Almost 250 babies died from sudden Infant death syndrome (SIDS) in 2011.
Data from the Office for National Statistics (ONS) showed 244 babies died in an unexplained way in England and Wales, down 17 on the previous year.
In 2004, there were 317 unexplained deaths.
Most (80%) babies die before their first birthday and SIDS is more common in boys than girls (64% of deaths in 2011).
Babies are much more likely to die when parents are unmarried and where only the mother registers the death (0.91 per 1,000 live births compared with 0.19 for babies born inside marriage).
The Lullaby Trust charity's chief executive, Francine Bates, said: "We are extremely disappointed to see such a small, statistically insignificant reduction in the number of SIDS deaths. It's just not good enough.
"We continue to compare poorly with other countries in Europe who have managed to reduce their deaths more significantly. Five babies still die suddenly and unexpectedly every week in the UK. In 2010, the Government scrapped the universal sudden infant death leaflet given to every new parent, which meant we had to replace it with our own resources."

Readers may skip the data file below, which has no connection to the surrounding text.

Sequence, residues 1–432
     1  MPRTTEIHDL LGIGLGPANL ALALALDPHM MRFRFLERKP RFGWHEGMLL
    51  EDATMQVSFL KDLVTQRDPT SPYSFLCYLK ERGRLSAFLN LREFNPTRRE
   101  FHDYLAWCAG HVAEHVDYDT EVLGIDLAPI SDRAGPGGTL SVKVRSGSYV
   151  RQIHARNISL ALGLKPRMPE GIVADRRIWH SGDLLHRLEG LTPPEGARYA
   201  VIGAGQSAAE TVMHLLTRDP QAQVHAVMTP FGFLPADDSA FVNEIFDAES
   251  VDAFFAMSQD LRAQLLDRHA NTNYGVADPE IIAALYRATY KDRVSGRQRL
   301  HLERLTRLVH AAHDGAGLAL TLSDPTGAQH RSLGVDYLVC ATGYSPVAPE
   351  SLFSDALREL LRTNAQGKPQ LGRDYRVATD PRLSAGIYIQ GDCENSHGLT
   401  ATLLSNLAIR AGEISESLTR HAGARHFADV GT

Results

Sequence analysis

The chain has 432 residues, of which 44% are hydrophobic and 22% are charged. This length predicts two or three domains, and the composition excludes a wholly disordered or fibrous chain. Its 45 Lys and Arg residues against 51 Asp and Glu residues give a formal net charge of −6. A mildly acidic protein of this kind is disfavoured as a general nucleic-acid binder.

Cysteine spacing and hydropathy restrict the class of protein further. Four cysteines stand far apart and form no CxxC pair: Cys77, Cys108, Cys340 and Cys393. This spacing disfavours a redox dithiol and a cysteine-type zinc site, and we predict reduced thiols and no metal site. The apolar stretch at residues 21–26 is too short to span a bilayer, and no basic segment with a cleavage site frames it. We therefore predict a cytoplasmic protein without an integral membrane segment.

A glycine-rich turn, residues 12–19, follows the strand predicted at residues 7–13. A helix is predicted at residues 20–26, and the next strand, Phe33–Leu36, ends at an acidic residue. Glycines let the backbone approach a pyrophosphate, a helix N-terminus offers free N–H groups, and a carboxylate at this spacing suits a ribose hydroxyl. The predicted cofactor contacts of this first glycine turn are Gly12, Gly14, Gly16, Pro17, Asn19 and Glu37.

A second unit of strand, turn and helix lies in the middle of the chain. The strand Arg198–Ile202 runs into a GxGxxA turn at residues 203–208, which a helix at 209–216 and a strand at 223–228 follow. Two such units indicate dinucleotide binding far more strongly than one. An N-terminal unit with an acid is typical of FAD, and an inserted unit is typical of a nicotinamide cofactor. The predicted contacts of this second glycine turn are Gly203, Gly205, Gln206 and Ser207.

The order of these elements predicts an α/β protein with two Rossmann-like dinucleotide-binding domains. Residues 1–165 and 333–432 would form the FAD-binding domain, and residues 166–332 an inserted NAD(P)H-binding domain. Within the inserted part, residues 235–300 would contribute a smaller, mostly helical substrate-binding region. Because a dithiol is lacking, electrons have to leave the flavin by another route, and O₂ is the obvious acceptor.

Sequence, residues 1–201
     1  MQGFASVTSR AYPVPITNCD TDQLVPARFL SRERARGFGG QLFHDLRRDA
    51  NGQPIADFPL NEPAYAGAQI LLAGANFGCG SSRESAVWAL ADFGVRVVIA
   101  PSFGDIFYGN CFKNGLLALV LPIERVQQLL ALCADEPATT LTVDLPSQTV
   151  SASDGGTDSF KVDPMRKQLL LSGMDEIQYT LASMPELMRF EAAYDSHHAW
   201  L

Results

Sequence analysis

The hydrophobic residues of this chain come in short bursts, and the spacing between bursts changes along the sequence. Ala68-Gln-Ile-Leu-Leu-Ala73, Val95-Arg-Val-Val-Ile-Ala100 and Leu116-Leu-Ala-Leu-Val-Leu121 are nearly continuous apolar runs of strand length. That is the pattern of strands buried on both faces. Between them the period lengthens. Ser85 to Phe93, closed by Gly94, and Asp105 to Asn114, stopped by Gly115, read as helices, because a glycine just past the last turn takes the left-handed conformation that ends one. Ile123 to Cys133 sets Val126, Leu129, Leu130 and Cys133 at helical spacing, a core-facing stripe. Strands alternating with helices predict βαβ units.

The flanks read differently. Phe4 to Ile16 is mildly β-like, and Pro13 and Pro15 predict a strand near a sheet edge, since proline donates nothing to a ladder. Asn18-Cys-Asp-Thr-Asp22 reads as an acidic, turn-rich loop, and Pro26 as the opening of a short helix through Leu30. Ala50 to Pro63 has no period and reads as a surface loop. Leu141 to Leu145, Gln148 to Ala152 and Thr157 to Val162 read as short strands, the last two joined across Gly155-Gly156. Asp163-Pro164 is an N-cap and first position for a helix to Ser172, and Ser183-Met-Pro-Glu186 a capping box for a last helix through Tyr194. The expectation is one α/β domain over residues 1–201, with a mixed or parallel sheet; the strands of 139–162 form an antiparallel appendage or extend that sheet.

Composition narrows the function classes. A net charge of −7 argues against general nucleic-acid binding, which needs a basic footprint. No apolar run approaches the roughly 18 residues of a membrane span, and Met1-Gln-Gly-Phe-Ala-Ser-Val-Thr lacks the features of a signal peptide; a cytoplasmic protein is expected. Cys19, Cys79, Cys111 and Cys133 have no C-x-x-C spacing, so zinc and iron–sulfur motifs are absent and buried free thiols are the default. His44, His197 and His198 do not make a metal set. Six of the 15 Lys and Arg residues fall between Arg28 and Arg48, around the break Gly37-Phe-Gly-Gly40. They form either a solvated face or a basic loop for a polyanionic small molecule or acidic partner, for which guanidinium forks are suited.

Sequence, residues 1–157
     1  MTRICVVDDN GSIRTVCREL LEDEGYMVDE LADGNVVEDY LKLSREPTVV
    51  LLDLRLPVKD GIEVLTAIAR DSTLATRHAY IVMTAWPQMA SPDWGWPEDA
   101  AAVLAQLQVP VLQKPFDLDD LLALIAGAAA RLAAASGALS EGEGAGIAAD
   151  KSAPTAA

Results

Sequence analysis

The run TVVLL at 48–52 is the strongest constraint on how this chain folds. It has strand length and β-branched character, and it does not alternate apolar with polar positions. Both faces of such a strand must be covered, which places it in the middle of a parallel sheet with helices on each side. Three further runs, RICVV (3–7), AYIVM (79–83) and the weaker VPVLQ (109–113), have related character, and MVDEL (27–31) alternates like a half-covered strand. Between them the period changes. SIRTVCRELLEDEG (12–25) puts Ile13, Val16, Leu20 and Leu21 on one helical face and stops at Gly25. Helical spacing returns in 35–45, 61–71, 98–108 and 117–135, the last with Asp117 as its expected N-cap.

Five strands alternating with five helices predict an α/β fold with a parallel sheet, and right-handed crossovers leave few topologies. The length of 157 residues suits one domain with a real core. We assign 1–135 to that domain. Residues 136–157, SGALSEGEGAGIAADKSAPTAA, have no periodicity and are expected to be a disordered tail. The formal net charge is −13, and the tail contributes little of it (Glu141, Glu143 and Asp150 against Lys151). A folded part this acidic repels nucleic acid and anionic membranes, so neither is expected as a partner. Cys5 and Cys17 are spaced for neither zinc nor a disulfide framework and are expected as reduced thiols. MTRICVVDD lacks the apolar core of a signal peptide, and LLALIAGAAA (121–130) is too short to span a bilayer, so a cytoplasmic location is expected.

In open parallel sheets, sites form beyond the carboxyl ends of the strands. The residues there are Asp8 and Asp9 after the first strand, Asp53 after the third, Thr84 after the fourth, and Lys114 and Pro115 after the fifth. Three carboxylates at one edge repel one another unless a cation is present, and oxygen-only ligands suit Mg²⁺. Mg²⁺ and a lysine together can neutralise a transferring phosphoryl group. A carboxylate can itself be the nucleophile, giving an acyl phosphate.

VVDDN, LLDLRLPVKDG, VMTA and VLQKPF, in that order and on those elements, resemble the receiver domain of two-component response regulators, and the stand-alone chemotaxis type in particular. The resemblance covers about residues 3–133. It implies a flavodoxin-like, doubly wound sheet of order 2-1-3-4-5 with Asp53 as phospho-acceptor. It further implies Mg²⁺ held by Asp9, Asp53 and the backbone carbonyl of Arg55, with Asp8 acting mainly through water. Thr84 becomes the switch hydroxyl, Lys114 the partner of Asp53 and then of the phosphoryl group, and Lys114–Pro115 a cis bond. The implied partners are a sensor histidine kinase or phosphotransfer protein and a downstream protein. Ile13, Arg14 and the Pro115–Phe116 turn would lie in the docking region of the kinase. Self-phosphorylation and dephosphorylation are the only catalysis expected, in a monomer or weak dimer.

Ms Bates said public health authorities needed to do more to encourage safer sleeping.
Broadcaster Anne Diamond led a campaign to encourage parents to put their babies to sleep on their backs following the death of her son Sebastian in 1991.
Other factors shown to help reduce the risk of cot death include breastfeeding, not smoking, and ensuring covers cannot be pulled over the baby's head.